The General Court (GC) recently overturned a decision from the EUIPO that an opposition based on earlier UK unregistered rights be rejected as, following the withdrawal of the UK from the EU, opponents could no longer rely upon the rules governing common law actions of passing off in EU oppositions.
In this case, Jungo Ye filed an EU trade mark application in June 2015 for the following figurative mark,
Nowhere Co. Ltd filed an opposition against this Application in March 2016, under Article 8(4) of Regulation No. 207/2009 based on the following unregistered marks,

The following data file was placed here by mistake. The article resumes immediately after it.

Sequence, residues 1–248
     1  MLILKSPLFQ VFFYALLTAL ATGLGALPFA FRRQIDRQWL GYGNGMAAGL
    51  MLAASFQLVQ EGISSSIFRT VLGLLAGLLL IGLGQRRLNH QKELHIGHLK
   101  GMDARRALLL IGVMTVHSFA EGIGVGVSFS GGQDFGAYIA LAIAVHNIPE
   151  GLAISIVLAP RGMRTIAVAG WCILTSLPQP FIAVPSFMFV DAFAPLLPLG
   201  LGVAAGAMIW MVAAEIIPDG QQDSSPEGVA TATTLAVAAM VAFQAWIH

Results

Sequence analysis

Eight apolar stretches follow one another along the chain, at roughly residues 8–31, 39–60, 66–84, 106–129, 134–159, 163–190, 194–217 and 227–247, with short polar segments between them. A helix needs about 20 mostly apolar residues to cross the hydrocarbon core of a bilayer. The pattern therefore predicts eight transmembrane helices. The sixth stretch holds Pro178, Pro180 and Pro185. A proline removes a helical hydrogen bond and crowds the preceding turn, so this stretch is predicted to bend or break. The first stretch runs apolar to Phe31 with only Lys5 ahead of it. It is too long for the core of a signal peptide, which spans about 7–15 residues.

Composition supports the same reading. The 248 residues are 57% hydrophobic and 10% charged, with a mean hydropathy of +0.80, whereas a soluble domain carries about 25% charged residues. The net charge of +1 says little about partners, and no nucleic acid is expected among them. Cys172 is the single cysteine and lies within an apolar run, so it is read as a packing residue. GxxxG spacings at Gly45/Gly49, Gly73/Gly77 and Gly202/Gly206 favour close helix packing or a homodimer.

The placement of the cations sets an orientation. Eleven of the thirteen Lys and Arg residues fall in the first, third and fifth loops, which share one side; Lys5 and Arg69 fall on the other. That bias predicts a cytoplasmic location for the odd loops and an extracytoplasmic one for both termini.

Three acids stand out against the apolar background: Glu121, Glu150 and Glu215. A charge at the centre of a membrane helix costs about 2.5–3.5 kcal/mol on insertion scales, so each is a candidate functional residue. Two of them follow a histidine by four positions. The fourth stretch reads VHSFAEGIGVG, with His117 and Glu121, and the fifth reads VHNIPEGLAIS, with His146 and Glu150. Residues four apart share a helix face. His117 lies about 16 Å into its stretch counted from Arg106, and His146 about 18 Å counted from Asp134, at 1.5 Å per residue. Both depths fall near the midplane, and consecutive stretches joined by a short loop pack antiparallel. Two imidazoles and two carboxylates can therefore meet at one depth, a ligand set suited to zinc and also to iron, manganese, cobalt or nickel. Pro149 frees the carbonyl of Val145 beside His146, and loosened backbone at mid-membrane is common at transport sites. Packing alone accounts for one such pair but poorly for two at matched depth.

Nowhere Co.’s opposition was dismissed on the basis that, following the withdrawal of the UK from the EU and the expiry of the transitional period on 31 December 2020, Nowhere Co. could no longer rely upon the UK laws of passing off.
The GC recently overturned this decision, stating that, in-line with case law from the Court of Justice (CJEU), it is the filing date of the application for registration of the mark against which an opposition has been brought that is decisive for the purposes of identifying the applicable substantive law. This means when considering an opposition, the existence of a relative ground for refusal must be assessed as at the time the application for the EU trade mark being opposed was filed. The fact that the earlier rights upon which the opposition is based could later cease to be valid is irrelevant.
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